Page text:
Hanging out in the various Facebook groups and other communities, I rarely run into anyone anymore that has a 2009 4,1 Mac Pro that still runs the stock firmware. But there are many Mac Pro users that are not aware of those communities or of the upgrade potential and possibilities for their Macs. They don’t see this kind of information on a daily basis like this geek. I took this knowledge for granted, forgetting there’s a whole world of people out there that have no idea this knowledge exists.
If you are one of those people or know one of those people that have a 2009 4,1 Mac Pro and want to squeeze another decade of life out of it, this page is for you!
This topic has been covered in the past but all those guides appear outdated, have broken links, needlessly complicated processes, or a combination of all those. Therefore I’ve decided to write a clear, to the point, 2021 version with links to pieces of this puzzle still available from their original source, and pieces no longer available that are now hosted on this website. So you’ll have everything you need in one place.
4,1 Mac Pro – 4,1 refers to the Model Identifier of the 2009 Mac Pro, MacPro4,1
5,1 Mac Pro – 5,1 refers to the Model Identifier of the 2010 and 2012 Mac Pro, MacPro5,1
Firmware – Code on a chip that gives the machine the basics of how it needs to operate
SIP – System Integrity Protection. A feature introduced in Mac OS X 10.11 El Capitan that protects certain system components such as the firmware from being edited or tampered with
CPU – Short for Central Processing Unit, also known as the Processor
GPU – Short for Graphics Processing Unit, also known as the Graphics Card
Mac Flashed GPU – A graphics card that allows you to see the startup/boot screen on a Mac. This can be an Apple GPU that came with your Mac Pro, or an aftermarket GPU that had Mac firmware flashed to it.
Metal – A new to macOS graphics framework that is required to install and run macOS Mojave and newer. Not every GPU can support this new Metal framework. It replaced the older and slower OpenGL framework you may have heard of or be familiar with. If your 4,1 Mac Pro has the GPU that came with the machine, you can be sure it is not Metal capable.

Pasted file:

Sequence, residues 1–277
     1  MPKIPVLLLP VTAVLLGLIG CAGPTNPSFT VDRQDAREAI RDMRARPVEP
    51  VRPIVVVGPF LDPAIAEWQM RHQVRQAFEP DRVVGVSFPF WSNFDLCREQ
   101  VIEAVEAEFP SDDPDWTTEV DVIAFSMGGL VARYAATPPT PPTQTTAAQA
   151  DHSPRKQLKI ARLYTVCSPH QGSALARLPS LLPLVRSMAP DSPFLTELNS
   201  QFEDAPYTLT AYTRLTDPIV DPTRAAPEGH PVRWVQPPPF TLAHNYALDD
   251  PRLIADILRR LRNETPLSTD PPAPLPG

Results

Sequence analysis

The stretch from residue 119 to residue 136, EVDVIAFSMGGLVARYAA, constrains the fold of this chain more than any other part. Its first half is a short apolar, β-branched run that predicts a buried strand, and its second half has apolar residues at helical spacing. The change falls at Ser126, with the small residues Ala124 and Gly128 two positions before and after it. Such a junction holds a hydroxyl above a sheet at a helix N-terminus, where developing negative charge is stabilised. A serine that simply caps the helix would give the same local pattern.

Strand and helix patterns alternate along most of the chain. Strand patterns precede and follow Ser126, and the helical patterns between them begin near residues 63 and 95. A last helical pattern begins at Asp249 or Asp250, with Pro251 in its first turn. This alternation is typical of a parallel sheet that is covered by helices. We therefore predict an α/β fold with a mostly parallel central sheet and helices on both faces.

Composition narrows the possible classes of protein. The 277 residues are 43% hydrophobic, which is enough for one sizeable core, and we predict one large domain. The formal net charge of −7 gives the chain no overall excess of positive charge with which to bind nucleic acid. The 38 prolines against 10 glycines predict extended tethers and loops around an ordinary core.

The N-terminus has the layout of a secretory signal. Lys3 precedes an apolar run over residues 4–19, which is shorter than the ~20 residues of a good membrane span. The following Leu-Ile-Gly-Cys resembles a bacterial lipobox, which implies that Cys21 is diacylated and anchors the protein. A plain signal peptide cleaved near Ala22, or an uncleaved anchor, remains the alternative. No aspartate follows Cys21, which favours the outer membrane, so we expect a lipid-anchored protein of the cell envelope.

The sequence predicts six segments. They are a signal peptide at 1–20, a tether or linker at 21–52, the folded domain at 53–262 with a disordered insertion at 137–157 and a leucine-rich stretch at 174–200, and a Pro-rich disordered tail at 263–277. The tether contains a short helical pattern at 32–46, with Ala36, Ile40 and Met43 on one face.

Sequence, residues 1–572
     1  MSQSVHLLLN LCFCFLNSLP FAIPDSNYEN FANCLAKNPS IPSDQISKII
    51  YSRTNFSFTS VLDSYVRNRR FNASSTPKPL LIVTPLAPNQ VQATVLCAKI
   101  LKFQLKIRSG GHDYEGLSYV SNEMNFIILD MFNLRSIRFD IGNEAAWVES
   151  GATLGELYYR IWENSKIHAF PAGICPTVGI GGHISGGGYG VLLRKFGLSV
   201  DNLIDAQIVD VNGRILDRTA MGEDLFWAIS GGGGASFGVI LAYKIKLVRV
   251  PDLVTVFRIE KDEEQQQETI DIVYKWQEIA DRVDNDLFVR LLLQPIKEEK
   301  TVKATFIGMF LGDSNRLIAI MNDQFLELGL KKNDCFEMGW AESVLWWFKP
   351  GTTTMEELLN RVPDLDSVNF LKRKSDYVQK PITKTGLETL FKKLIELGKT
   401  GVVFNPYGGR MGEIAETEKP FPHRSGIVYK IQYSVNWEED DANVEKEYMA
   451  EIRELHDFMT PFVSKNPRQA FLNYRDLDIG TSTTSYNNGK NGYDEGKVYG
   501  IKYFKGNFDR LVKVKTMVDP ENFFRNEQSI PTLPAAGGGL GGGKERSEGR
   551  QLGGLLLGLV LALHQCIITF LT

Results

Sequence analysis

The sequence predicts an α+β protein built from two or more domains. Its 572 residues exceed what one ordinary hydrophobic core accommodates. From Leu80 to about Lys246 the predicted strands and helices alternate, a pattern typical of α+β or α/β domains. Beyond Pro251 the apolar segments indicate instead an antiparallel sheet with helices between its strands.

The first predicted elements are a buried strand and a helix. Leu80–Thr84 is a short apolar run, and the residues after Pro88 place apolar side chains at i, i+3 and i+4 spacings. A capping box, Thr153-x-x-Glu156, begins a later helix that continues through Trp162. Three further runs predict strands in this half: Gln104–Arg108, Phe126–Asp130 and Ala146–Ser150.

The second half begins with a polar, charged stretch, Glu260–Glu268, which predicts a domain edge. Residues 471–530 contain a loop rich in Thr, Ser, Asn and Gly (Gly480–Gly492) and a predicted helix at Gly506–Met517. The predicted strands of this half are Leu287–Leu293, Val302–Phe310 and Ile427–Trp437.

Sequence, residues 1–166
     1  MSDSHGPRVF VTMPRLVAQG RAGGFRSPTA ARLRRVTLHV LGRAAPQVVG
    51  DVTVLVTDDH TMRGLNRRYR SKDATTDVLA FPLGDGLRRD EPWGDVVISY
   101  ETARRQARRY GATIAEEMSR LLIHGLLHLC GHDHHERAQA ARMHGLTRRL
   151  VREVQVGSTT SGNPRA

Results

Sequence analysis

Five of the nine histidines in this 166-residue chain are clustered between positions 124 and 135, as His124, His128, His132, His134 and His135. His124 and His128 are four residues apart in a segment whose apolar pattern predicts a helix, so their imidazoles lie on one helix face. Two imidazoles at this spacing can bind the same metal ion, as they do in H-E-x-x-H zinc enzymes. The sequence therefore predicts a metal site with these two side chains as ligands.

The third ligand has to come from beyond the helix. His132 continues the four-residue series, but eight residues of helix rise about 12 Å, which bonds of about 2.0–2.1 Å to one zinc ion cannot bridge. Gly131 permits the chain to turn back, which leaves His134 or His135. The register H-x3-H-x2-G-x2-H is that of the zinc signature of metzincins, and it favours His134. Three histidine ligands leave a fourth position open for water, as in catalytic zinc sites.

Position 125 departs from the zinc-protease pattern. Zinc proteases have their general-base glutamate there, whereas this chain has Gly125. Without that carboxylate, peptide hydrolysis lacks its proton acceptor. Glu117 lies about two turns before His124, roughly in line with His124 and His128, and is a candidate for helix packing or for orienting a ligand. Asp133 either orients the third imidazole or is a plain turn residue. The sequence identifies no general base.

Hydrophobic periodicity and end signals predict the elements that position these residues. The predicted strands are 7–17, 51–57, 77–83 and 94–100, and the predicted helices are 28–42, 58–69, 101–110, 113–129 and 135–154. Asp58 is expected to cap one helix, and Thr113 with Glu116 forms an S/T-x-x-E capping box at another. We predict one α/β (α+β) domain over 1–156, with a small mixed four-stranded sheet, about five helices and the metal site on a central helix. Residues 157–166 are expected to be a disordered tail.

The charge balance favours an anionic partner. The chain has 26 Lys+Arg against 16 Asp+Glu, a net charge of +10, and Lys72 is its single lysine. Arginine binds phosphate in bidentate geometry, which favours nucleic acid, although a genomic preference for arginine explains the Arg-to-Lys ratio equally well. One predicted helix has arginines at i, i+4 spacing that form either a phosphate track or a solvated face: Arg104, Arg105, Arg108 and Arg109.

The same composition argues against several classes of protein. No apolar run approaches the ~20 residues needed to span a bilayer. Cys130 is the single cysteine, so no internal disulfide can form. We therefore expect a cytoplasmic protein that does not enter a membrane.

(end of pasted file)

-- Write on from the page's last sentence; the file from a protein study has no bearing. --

The 4,1 and 5,1 Mac Pro are 99.9% identical. The only major difference being the kind of processors they take in a dual-processor setup. So, giving the logic board of the 4,1 the firmware of the 5,1 allows you to do everything a real 5,1 Mac Pro can do.
Having your 4,1 Mac Pro think it’s a 5,1 Mac Pro, allows you to upgrade the OS past 10.11 El Capitan. 10.12 Sierra, 10.13 High Sierra and 10.14 Mojave will all install natively without further patching or other trickery. You will also be able to replace the 4-core processor with a 6-core processor. Or two if you have a dual-processor model. This can get your Mac Pro up to one or two Intel Xeon X5690 6-core 3.46GHz chips which is a major boost in performance. 3.06GHz and 3.33GHz processors are also options.
With faster processors come more perks than just a raw speed increase. The system bus will operate faster, the amount of cache goes up and last but not least; your Mac will be able to use faster RAM. The 4,1 Mac Pro uses 1066MHz RAM, the 5,1 Mac Pro uses 1333MHz RAM. Now that your 4,1 thinks it’s a 5,1 and with a newer processor, it can utilize the 1333MHz RAM as well, adding to the performance increase.
- A 2009 (4,1) Mac Pro.
- A Mac or Mac flashed graphics card (GPU) is required.
- You must run Mac OS X 10.9 Mavericks or newer.
- The Firmware Tool
- The firmware disk images (4,1 and 5,1 firmware disk images in one zip file)
- Make sure your Mac is connected to the internet.
The Firmware Tool initially needed an internet connection to download the firmware files from Apple’s website. However, the links the Tool used to get those files stopped working long ago. Even though the Firmware Tool can’t download these files anymore, it will still require an internet connection or it will error out and quit. In 2017 someone fixed the links the Tool used to download those files but they broke again shortly after. This is why I just host these files on my own server now.
- Disable SIP (If you run Mac OS X 10.11 El Capitan)
• Boot to your recovery drive or from an installer drive
• Open the Terminal app
• Type “csrutil disable” without the quotes
• Hit the Enter key
• A message will confirm System Integrity Protection is now disabled
• Restart your Mac
- Open the FirmwareFiles.zip and open MacProEFIUpdate1-5.dmg to mount the disk images on your desktop (don’t install the package it contains)
- Run the Firmware Tool
• Read all of the information the Tool provides
• Click the “Upgrade to 2010 Firmware” button
- Follow the instructions when the flashing is done
• Shut down the Mac
• Press and hold the power button until it starts to rapidly blink, then let go
• A loud tone will follow